Some of the psychosocial signs of drug use may include being more withdrawn, more prone to emotional swings, or making excuses to avoid activities that they previously would have been part of. The biggest thing to look for is significant changes in behavior, specifically behaviors that seem more withdrawn or secretive. Poor performance at work or school may also be an indicator of drug addiction.
How is Drug Addiction Treated?
The first and most important step in drug addiction treatment is for the person with the addiction to recognize the need for treatment and accept the help treatment offers. Often those with addiction will find it difficult to recognize that they have an addiction and need help.
Once the person with an addiction has recognized the need for treatment, the first part of treatment will be to detox. Depending on the type and severity of addiction, this may be done at a rehab center. Detox involves allowing the body to process and eliminate all the drug in its system, while not using any more. During detox, withdrawal symptoms will occur. Detox can be unpleasant, but does not normally take more than a week at the most.
After detox, treatment focuses on learning how to cope without the drug and how to regain control of their behaviors. This can involve one-on-one therapy, group therapy, medications, and other types of treatment. This part of treatment focuses on making a plan to stay sober after sobriety has been achieved.
Inpatient rehab involves checking into a treatment center where detox and the initial therapy will occur. This form of rehab helps to remove you from your normal environment and have access to more intensive support during the initial weeks of recovery. Inpatient rehab centers can provide 24 hour medical care with withdrawal symptoms that occur during detox and will also provide a more structured environment for learning how to cope and stay sober in the long-term.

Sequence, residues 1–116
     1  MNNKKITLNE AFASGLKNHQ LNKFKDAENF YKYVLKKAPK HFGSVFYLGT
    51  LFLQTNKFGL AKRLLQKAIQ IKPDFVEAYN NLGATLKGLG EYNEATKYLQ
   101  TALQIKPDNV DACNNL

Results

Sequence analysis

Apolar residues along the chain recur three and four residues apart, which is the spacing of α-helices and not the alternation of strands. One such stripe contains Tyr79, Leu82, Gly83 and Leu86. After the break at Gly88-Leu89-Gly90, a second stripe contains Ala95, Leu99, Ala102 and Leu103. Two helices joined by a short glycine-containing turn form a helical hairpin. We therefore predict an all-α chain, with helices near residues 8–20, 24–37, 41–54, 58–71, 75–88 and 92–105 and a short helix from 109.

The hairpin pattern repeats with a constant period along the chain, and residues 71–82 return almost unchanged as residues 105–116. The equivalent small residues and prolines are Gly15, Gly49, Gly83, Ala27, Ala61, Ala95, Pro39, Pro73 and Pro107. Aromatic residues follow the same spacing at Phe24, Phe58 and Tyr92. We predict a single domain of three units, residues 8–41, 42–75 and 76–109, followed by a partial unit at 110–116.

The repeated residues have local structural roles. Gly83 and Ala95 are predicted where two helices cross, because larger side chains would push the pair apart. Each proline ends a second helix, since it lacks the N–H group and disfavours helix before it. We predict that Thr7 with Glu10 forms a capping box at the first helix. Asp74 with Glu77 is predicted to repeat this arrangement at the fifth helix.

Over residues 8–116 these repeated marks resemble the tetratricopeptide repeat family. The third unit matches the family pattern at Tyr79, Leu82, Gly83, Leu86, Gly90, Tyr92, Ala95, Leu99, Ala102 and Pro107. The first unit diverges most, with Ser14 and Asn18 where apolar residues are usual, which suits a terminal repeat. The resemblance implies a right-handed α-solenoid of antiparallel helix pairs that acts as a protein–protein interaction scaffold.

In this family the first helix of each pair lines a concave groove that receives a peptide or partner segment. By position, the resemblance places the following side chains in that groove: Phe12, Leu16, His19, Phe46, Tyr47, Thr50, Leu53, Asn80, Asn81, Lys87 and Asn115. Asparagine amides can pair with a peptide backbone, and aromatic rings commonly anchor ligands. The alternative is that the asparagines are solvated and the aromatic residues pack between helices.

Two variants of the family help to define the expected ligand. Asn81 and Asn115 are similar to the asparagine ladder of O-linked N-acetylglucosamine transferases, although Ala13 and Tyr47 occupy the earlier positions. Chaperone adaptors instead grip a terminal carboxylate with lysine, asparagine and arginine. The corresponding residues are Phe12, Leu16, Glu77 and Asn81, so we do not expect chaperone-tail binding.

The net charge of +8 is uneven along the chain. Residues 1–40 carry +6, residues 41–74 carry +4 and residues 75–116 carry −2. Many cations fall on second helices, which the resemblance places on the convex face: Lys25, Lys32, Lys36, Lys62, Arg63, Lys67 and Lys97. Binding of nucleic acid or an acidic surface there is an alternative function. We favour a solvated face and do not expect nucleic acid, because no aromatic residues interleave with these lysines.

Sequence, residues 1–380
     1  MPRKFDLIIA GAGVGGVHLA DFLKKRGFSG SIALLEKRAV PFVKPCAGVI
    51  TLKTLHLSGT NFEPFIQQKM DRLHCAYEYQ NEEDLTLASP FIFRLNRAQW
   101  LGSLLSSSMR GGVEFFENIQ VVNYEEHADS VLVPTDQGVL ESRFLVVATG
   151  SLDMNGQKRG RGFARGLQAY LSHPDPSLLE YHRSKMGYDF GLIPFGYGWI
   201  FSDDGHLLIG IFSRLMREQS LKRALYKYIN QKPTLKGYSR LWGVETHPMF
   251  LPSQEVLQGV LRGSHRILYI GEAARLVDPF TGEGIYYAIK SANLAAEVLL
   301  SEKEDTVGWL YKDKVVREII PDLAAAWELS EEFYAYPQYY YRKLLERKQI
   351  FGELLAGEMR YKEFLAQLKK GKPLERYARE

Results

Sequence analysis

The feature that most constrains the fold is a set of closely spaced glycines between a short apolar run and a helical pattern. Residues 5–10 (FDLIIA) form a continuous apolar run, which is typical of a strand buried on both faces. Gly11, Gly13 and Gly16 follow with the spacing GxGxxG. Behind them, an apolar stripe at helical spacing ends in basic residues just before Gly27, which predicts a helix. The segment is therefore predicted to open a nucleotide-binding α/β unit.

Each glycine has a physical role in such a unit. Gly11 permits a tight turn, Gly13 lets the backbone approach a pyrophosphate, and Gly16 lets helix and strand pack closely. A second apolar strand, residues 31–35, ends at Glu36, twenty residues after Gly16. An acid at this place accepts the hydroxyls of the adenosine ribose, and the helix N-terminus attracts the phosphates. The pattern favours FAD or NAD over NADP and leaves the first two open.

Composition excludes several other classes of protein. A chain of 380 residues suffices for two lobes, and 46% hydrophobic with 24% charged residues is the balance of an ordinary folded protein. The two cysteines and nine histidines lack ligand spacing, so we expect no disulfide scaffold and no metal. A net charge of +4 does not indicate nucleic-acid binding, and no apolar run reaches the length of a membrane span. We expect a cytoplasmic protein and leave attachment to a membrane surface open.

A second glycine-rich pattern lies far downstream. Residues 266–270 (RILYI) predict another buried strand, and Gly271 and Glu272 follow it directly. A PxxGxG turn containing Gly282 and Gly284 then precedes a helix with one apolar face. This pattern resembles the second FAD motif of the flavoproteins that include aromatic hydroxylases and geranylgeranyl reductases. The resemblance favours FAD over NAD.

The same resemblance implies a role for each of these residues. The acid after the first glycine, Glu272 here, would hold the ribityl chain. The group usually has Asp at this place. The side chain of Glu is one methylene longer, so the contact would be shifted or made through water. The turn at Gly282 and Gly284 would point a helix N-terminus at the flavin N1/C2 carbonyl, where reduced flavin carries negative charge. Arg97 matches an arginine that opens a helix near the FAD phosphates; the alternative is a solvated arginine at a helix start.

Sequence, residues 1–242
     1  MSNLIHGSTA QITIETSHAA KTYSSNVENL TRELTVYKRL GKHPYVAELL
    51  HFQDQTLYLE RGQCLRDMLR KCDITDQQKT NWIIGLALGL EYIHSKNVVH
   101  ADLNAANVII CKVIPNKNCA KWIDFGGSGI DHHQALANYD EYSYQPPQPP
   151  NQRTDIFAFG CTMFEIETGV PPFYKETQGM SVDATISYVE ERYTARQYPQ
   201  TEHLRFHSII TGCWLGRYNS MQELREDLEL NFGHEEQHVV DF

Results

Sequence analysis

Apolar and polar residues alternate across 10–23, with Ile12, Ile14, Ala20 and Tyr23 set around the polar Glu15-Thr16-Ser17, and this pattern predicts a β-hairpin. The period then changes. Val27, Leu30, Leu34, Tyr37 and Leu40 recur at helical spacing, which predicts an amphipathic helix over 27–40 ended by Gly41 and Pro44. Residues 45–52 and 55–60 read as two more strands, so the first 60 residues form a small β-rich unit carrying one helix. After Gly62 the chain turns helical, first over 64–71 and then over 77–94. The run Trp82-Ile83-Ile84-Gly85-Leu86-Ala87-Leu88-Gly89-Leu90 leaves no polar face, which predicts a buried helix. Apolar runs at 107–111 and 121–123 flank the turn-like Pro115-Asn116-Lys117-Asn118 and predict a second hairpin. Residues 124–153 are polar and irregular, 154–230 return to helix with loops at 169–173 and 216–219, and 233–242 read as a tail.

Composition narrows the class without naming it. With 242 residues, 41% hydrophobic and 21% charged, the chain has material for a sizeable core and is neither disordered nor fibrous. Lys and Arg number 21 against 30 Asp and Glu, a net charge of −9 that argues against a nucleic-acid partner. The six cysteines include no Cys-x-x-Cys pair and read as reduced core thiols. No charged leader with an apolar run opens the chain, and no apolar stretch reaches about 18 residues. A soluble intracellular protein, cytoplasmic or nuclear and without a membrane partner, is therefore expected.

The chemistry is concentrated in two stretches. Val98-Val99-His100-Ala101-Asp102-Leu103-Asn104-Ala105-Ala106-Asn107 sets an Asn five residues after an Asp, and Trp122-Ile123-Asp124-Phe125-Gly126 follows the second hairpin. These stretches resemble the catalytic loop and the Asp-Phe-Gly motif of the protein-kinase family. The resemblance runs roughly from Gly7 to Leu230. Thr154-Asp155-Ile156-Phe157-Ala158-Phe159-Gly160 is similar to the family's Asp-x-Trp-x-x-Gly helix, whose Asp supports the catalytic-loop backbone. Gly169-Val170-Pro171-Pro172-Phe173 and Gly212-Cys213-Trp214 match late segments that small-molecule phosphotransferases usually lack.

Outpatient rehab involves visiting the office of a doctor or therapist to obtain rehab services. This form of rehab allows you to continue your normal lifestyle while undergoing treatment, but is only best as a primary treatment for people with a mild addiction who are undergoing treatment for the first time. Outpatient rehab is often used to provide additional, ongoing support to those who have completed inpatient rehab.
Finding Drug Addiction Treatment
Finding the right drug addiction treatment option may seem daunting. When seeking the right addiction treatment option, there are several factors that you should consider:
- Cost - Rehab can be expensive, and understanding what is covered with your health insurance or healthcare benefits is important.
- Location - One goal of inpatient treatment is to remove you from your normal environment, so choosing a rehab center that is accessible but not in your hometown may be helpful.
- Reputation - Finding reviews from past patients and knowing the rehab center’s overall reputation should be an important consideration.
While the specific factors that matter to you individually will be unique, these basic factors will be important to most people seeking treatment.
Transformations Treatment Center
Transformations Treatment Center, located in sunny Delray Beach, Florida, has a strong reputation of providing outstanding, caring treatment for those fighting addiction. Our expert team is dedicated to your success and will help you to navigate the cost and complexities of seeking addiction treatment. Reach out today to learn more about what we can do for you.